The functioning which has just been described is in accordance with that known in the prior art, for instance as shown in my U.S. Pat. No. 4,243,172. However, the invention differs therefrom in that the whole of the rotating unit (bowl and lid) may be dismantled from the machine without it being necessary to unscrew the ring 29 on the spot, this possibly presenting considerable difficulty when the threads have seized up under the effect of the expansions and contractions, the inevitable leaks of the centrifuged liquid or the control liquid, the infiltrations of fine sludge forming cement, etc. In the present structure, it suffices to unscrew the screw 8 with the aid of a socket wrench engaged through the upper central orifice of the centrifuge and through the tubular body 40 adapted to conduct the inlet of the liquid to be treated, then to withdraw this screw with the aid of a suitable tool (which may be the wrench itself) provided with a clip device cooperating with the impressions 10, and finally to use any pulling device abutting on the shaft to raise the bowl and the lid. By way of example, the bore of the cylindrical extension 7 may be threaded at a greater pitch than that of the bore of the shaft and a tommy having two corresponding threads may be used. However one operates, the lifting of the bowl is not hindered by the turbine system, or more exactly by the fact that the annular plate 24 cannot directly be disengaged from the groove of member 14 without prior dismantling of the member 14. In fact, the wedging of the support 16 on the conical bearing surface 2 normally retains the member 14 which then slips out of the large-diameter part 11 of the housing 11-12 and is therefore disengaged from the bowl unit. Even if this wedging were insufficient, the plate 24 would abut against the lower edge of the groove member and would ensure its disengagement from the housing.

FIG. 3 shows the centrifugal machine after the bowl and lid assembly has been removed from the top, the grooved member 14 remaining in position with its support 16 fitted on the bearing surface 2.

This possibility of direct dismantling of the movable bowl unit offer various advantages. Firstly, in the case of the ring 29 proving to be virtually impossible to unscrew on the spot, which occurs fairly frequently, said unit could nevertheless be taken to a workshop provided with more powerful means for achieving the removal of this ring, if necessary even by cutting. In the second place, when it is desired to clean, check or repair the bowl and its accessories, it is possible, if there is a spare bowl unit available, to assemble it in position whilst the first is being cleaned, the time when the machine is stopped thus being reduced to a minimum since no dismantling is required except for that of the screw 8. Finally, if it is desired to have access to the turbine system, it is no longer necessary to open the lid previously.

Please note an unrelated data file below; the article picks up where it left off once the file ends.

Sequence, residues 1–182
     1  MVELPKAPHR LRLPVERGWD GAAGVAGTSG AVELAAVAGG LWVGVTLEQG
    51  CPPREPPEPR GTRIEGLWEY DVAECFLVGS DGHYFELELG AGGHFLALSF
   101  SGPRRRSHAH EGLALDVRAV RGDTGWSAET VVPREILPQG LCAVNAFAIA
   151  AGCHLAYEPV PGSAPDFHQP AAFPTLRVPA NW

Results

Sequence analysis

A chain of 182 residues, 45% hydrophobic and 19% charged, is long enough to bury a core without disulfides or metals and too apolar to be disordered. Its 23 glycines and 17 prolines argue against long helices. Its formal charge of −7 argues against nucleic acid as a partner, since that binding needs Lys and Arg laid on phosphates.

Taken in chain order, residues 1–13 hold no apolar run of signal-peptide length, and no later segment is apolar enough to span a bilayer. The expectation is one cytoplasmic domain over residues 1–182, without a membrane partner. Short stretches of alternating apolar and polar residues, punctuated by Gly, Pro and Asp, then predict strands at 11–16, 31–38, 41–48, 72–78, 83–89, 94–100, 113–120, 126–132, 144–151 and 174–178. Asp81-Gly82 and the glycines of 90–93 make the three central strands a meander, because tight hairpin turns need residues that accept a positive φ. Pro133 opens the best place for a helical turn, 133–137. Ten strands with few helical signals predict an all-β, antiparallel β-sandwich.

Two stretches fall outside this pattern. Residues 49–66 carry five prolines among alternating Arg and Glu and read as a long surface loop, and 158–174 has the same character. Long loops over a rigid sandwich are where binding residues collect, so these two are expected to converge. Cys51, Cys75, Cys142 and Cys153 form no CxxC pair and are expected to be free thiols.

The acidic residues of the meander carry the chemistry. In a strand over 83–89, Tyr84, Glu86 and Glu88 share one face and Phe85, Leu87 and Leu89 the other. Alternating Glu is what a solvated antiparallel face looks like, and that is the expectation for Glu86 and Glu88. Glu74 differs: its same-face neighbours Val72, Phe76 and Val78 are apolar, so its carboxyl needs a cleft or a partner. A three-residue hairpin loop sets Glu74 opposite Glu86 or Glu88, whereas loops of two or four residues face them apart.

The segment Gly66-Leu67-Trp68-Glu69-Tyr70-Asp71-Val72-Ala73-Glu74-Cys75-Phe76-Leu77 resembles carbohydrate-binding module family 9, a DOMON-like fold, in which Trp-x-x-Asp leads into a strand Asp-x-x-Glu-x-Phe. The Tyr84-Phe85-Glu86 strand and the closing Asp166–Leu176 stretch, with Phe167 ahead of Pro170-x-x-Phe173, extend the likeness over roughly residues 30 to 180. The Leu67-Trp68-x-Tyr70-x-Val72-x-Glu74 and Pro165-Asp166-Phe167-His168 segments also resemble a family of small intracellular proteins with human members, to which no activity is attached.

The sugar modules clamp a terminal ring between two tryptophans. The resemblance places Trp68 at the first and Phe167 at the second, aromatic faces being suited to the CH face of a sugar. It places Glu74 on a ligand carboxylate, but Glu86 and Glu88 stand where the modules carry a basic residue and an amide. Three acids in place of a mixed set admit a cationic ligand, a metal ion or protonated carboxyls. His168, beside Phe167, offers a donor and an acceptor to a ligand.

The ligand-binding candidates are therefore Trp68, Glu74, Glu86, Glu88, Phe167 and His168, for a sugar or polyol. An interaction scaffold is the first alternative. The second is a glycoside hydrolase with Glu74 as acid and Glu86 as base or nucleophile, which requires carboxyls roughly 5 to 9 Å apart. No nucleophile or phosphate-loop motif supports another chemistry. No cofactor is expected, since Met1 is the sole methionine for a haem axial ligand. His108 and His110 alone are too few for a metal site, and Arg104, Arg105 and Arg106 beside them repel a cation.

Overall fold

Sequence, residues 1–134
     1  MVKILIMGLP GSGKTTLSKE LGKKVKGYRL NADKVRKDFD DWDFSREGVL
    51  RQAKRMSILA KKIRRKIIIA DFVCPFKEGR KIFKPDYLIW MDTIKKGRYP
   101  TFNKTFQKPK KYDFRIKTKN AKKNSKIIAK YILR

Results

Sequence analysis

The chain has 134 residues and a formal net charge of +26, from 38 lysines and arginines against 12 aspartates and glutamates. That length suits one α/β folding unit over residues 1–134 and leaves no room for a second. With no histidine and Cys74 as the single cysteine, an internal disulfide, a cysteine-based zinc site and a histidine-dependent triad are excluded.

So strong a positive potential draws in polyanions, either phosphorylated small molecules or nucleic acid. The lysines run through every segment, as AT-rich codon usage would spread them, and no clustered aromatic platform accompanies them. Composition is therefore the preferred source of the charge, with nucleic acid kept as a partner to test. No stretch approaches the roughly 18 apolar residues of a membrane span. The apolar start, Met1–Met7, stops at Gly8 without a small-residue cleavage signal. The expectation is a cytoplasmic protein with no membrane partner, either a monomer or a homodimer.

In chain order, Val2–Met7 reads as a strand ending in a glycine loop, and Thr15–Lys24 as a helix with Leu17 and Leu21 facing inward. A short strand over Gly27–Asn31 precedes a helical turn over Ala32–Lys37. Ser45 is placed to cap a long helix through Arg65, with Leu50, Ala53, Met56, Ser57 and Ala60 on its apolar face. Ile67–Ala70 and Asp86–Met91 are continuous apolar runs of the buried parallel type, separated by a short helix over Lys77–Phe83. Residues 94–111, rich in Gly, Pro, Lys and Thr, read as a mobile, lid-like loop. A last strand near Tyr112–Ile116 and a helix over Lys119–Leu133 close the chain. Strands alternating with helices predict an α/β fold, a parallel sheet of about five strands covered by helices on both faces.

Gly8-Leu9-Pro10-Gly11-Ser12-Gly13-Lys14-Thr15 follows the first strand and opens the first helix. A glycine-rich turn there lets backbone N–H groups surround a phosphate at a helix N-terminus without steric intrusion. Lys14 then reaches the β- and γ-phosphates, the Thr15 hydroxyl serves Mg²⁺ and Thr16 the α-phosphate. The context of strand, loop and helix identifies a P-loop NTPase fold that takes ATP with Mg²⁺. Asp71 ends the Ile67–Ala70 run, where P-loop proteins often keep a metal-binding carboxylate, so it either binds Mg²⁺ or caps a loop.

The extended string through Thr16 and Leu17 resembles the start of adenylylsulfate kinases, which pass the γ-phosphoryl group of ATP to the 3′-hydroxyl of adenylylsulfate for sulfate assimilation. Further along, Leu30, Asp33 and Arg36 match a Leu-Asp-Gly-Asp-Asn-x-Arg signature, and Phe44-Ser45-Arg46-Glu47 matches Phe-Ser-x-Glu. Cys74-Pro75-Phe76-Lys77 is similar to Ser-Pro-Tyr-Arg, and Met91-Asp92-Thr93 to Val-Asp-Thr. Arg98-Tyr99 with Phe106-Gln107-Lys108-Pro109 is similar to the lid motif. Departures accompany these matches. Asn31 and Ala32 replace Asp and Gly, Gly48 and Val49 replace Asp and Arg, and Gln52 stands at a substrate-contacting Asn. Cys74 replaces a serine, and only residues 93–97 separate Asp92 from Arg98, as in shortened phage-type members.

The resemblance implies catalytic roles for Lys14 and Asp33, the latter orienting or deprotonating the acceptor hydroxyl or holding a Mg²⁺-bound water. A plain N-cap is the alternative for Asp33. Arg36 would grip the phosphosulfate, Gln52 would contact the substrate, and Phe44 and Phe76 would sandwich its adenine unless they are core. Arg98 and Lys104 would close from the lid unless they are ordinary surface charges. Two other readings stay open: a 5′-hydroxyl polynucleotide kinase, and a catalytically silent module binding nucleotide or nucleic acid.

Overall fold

It will be understood that the turbine system could comprise a plurality of main receiving grooves such as the groove of the annular member 14 with a plate 24 associated with each of them, the chamber 22 then being replaced by a corresponding number of individual pipes. The or each grooved member may be fixed beneath the bowl in any manner other than that described, provided that their disengagement does not require the opening thereof. The turbine system could be used for conveying to the bowl a reaction, washing, phase detection, etc. liquid. The auxiliary overflow groove 45 could be constituted by a notch cut in the lower edge of the grooved member 14 and connected to the ring 35 by a suitable pipe. The general construction of the centrifuge may be different from that shown in FIG. 2, particularly concerning the bowl and its lid.

Patent Citations
Cited PatentFiling datePublication dateApplicantTitle
US2662687 *Apr 1, 1950Dec 15, 1953Laval Separator Co DeCentrifugal separator for cold milk products and the like
US3630431 *Mar 10, 1970Dec 28, 1971Mitsubishi Kakoki KkValve-discharge disc centrifuge
US3765599 *Sep 29, 1971Oct 16, 1973Westfalia Separator AgSelf cleaning centrifuge drum with stepwise variable closing pressure
US4054244 *Sep 1, 1976Oct 18, 1977Westfalia Separator AgCentrifuge drum equipped with discharge valves
US4243172 *Aug 25, 1978Jan 6, 1981Robatel, S.L.P.I.Centrifuges having a bowl openable while in operation
Referenced by
Citing PatentFiling datePublication dateApplicantTitle
US5186708 *Nov 7, 1990Feb 16, 1993Alfa-Lavel Separation AbCentrifugal separator having a rotor body with a movable wall
U.S. Classification494/27, 494/48, 494/24, 494/38
International ClassificationB04B1/18
Cooperative ClassificationB04B1/18
European ClassificationB04B1/18
Legal Events
May 11, 1981ASAssignment
Effective date: 19800311